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Re: Questions about the International Association of Accessibility Professionals (IAAP)

From: Phill Jenkins <pjenkins@us.ibm.com>
Date: Fri, 9 May 2014 15:58:20 -0500
To: "John Foliot" <john@foliot.ca>
Cc: ddikter@atia.org, info@accessibilityassociation.org, Rob.Sinclair@microsoft.com, w3c-wai-ig@w3.org, webaim-forum@list.webaim.org
Message-ID: <OF4F43CB78.AC93E277-ON86257CD3.006CA920-86257CD3.007335E3@us.ibm.com>
A few things to consider in this thread:
1. By-Laws vs Member benefits
2. Examples from other associations and consortiums
3. Examples of when if ever all the individual IAAP members would ever 
vote on anything

1. IAAP Member benefits include:
        Eligible to participate in committees and task forces 

I recommend including some level of "voting benefits" to the list of 
benefits, but scope it (limit the scope with example) as in vote on 
committees and task forces.  And give some example of when if ever the 
general membership of the IAAP would ever vote on anything. 

2. Use example from other associations, such as the W3C

For example, consider a tiered approach, like at the W3C, where working 
groups are operated by chairs that try to reach consensus rather than 
voting all the time.
        See http://www.w3.org/2005/10/Process-20051014/policies.html#Votes

and distinguish between if and when groups of members that get to vote and 
groups of members that don't vote - meaning the same members can vote and 
at other times the same members don't get to vote.  So, although all 
members get to nominate and vote on who gets to be on the Advisory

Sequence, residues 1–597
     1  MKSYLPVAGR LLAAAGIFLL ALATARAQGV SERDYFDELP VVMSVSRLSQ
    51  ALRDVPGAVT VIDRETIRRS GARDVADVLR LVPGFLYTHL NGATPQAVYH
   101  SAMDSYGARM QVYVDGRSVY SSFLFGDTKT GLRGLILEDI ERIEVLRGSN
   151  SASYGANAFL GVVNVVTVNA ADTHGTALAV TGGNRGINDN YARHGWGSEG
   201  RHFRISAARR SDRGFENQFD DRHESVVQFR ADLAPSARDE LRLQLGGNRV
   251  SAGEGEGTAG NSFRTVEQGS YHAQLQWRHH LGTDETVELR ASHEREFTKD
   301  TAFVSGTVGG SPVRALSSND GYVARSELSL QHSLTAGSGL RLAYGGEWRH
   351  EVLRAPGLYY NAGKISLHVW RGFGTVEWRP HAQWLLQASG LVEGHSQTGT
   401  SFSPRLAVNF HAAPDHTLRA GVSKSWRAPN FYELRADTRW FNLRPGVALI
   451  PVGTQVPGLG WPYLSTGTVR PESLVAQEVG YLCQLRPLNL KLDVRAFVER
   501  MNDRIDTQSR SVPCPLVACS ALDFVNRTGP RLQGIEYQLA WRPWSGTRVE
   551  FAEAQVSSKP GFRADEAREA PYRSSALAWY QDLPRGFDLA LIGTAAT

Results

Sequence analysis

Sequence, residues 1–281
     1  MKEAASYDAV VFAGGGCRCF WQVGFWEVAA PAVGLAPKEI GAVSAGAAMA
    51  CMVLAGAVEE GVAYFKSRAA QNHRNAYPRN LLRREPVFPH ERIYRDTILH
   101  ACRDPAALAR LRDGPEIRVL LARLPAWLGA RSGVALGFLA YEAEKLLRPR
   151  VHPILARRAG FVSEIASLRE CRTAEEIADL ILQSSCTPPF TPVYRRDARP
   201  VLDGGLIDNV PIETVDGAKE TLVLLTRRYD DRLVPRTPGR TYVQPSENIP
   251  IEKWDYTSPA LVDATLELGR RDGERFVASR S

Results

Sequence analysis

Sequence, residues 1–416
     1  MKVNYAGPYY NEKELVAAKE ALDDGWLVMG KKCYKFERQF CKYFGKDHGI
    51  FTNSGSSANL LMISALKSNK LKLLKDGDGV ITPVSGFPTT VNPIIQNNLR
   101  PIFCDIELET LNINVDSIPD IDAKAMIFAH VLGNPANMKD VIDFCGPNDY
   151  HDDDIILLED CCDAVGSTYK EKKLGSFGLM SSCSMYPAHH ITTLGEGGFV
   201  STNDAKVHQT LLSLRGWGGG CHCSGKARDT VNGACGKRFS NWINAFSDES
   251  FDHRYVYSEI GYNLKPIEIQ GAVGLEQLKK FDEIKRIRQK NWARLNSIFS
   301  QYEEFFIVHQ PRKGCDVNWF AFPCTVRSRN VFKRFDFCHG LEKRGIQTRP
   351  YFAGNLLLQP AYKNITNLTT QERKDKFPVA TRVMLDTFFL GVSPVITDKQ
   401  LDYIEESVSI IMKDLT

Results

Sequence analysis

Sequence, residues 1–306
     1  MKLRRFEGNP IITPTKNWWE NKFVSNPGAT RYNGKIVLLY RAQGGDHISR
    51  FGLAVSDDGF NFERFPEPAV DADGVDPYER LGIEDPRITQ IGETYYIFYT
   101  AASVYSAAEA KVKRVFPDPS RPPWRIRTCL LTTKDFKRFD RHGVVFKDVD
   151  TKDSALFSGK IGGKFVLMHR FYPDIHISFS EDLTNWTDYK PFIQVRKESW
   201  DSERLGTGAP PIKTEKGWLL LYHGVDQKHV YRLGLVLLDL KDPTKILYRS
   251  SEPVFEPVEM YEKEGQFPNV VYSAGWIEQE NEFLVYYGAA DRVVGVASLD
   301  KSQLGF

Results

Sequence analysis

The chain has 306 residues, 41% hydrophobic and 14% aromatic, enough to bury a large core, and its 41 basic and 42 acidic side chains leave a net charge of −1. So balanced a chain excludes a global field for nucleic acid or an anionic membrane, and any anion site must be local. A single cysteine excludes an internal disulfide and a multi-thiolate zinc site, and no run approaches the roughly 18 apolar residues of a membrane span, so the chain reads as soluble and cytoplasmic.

Committee, only members on the Advisory Committee get to vote on things 
the Advisory votes on [smile].

        See the section describes general policies for W3C groups 
regarding participation, meeting requirements, and decision-making. These 
policies apply to participants in the following groups: Advisory Committee
, Advisory Board, TAG, Working Groups, Interest Groups, and Coordination 

3. Examples of when all the IAAP indivisual members would vote on 
I can't think of any. I've never heard of a vote of all individual members 
of the W3C (companies get to vote once in a while, but not individuals) , 
or IEEE members, or even the ACM members that I can remember.  I do get to 
vote at the annual IBM Stockholder's meeting, based on the number of 
shares I have - but that is a business model, not a democracy government 
model of one citizen one vote.  At the annual stockholders meeting the 
deck is stacked, but so is the vested interest.  Even as a citizen I do 
not get to vote on everything - for example I do not get to vote at the 
Senate Committee meetings or the local Citiy Council meetings.  I wouldn't 
expect IAAP members to get to vote on something like raising the 
membership fee - that's the job of the board and/or CEO and staff. OK, 
maybe, just maybe I could see IAAP having a popularity vote on a new logo 
competition or something like that. . . 
if we're talking about a scenario where there is an IAAP committee or task 
force that can't reach consensus, and the chair has to call for a vote of 
the members participating, then should all the members participating get 
to vote, even if those members come from the same company, government, 
non-profit agency, country,  or group of independent consultants? Yes, in 
my opinion  becasue IAAP is not a consortium, but an association.   In the 
W3C's process, the group of invited experts only gets one vote for their 
group. In IAAP every individual member pays a individual membership fee. 
The payment may come from either themselves or their employer pays for 
them, or via your tax dollars, or by scholarship - however it doesn't 
matter who or how its paid - its about whether the individual is a member 
or the organization is a member.  Because the individual is the member 
(representing themselves, not the company, not the government agency, not 
the country they live in, not the non-profit, and not the group of 
independent consultants) each member gets a vote, if or when ever one is 
called. Which is what I think the by-law is saying.
See W3C's guidance on 3.3.1. Managing Dissent

Phill Jenkins, 
Received on Friday, 9 May 2014 20:58:52 UTC

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